Children process divorce differently, but there are patterns as to how they might absorb it based upon their age and developmental stages.  Parents can arm themselves with knowledge of what will be important to their children’s processing of the divorce when the pleadings are filed and as they continue to grow up.  Indeed, this aspect of child development – where the trauma of divorce has left its mark – is something parents should take the time to explore as they begin figuring out “how to tell the children” and revisit as the children grow.

Is it a Coincidence that Mediation is Just One Letter Away from Medication and Meditation.

A wordsmith might find some humor with the fact that the mere addition of a “T” or a “C” to the word Mediation causes a drastic change in the word.  MediCation and MediTation result.  However, the proximity of these words does have some correlation…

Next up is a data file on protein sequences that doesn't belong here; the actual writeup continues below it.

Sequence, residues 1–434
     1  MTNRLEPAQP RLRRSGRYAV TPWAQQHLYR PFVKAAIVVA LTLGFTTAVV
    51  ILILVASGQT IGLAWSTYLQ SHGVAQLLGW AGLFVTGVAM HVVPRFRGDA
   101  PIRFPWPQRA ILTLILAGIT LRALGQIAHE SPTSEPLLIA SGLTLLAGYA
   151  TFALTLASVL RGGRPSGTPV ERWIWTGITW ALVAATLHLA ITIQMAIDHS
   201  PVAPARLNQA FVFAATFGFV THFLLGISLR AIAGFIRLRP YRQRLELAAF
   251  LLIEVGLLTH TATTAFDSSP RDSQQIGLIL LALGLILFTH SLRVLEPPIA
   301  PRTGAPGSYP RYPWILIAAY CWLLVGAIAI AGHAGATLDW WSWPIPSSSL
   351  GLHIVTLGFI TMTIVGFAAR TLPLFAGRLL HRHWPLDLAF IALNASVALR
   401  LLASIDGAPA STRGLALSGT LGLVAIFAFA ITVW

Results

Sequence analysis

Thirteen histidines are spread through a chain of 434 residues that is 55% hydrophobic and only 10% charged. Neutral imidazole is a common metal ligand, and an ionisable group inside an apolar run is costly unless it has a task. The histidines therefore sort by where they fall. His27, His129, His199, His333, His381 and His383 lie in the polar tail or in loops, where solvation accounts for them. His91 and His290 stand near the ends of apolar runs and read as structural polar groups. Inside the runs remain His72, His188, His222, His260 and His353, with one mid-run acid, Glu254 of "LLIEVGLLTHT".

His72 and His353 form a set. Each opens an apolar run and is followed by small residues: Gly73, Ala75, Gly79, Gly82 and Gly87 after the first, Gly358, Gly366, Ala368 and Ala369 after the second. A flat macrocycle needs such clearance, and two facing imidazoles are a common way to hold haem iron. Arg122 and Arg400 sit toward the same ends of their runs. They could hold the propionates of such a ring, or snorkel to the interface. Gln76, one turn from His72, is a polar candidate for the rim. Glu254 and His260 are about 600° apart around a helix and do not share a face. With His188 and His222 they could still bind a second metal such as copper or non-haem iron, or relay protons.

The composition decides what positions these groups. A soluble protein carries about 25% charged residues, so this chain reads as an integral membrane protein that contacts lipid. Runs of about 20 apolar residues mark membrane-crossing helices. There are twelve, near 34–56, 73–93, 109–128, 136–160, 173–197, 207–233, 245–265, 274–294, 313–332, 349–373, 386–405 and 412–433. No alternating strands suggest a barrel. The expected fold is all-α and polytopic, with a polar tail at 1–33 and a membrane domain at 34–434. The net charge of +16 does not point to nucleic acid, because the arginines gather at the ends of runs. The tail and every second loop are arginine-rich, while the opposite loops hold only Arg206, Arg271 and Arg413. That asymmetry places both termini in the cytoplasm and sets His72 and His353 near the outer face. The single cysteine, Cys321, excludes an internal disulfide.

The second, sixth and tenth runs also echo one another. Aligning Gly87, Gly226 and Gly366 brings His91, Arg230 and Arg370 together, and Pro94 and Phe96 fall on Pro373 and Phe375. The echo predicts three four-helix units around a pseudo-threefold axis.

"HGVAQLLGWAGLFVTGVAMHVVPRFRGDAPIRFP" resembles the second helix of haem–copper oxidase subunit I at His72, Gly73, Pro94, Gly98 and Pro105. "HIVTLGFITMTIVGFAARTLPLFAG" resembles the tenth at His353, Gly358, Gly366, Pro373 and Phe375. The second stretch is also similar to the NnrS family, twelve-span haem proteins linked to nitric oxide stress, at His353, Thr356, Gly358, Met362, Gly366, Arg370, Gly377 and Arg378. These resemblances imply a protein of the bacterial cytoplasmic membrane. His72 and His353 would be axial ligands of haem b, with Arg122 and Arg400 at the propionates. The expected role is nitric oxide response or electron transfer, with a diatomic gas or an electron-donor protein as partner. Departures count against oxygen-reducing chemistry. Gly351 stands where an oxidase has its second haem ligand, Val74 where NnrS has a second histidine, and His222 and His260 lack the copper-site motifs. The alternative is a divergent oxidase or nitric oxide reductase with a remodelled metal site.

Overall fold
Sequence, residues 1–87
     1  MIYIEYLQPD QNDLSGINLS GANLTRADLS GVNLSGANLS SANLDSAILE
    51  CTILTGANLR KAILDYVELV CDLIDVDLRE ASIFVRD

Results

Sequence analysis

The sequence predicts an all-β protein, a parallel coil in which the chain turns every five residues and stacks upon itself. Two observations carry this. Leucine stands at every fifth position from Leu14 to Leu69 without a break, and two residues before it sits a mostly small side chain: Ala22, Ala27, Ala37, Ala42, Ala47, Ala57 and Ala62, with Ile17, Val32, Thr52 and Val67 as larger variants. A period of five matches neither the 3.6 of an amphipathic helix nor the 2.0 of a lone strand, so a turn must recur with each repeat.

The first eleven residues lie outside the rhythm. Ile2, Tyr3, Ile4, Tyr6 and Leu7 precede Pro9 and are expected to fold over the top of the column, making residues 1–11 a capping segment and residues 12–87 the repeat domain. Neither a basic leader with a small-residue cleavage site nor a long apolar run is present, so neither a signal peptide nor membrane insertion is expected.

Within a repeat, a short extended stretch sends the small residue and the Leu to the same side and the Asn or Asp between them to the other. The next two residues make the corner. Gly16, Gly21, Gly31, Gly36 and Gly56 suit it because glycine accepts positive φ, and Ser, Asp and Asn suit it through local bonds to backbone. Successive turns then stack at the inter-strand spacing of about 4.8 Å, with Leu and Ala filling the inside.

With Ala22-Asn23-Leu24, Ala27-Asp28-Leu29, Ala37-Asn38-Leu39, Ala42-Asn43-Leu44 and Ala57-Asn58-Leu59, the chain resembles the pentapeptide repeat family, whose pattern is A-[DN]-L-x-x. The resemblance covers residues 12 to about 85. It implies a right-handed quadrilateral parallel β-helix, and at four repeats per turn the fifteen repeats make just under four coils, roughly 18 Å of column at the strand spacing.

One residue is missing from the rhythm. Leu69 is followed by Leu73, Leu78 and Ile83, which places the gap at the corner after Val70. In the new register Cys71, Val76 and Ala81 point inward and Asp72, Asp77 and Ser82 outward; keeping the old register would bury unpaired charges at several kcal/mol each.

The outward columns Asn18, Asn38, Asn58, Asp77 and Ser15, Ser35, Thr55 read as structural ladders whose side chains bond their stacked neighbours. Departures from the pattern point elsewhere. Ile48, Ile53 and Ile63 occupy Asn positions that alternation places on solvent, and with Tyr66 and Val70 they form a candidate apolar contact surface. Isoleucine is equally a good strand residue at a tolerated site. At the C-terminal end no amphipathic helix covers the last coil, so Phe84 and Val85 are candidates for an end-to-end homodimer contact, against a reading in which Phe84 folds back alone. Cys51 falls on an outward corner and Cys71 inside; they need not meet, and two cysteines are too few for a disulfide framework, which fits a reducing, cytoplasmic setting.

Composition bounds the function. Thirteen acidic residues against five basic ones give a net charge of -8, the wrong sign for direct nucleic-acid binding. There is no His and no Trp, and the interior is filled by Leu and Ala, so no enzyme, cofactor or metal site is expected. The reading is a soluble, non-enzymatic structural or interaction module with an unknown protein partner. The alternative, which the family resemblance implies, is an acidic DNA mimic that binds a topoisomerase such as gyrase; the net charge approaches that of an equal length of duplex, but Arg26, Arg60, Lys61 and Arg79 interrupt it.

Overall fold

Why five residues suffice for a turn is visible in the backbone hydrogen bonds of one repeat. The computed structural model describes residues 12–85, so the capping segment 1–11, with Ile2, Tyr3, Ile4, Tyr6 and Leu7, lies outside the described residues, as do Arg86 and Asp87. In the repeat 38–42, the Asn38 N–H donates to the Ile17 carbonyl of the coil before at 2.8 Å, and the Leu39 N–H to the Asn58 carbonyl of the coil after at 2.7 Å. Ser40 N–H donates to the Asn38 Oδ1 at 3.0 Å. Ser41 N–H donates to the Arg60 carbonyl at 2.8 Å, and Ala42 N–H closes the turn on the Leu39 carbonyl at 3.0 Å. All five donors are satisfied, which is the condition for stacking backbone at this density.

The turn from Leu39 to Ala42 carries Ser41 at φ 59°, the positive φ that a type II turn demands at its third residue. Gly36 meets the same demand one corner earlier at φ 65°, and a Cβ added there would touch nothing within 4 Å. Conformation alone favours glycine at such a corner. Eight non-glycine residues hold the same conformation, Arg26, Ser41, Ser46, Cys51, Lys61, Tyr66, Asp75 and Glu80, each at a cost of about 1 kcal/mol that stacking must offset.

For families that are breaking apart, mediation is a tried process that has good success with resolving disputes amongst the former partners.  True preparation for mediation, mind you, does require a little “meditation” as to what a party wants, needs, and is willing to relinquish in the negotiations.   Most parties will contemplate what they want and what they must have out of a negotiated deal.  However, not all take the necessary step to prioritize what they are willing to lose, sacrifice, or relinquish.  Plain old simple denial is the usual cause of skipping this step.  While most parties mentally understand that concessions or give-and-take is necessary to arrive at most deals, the emotions of the process may prevent parties from acknowledging (and embracing) that they are going to have to give anything or that they would be willing to accept anything less than total victory.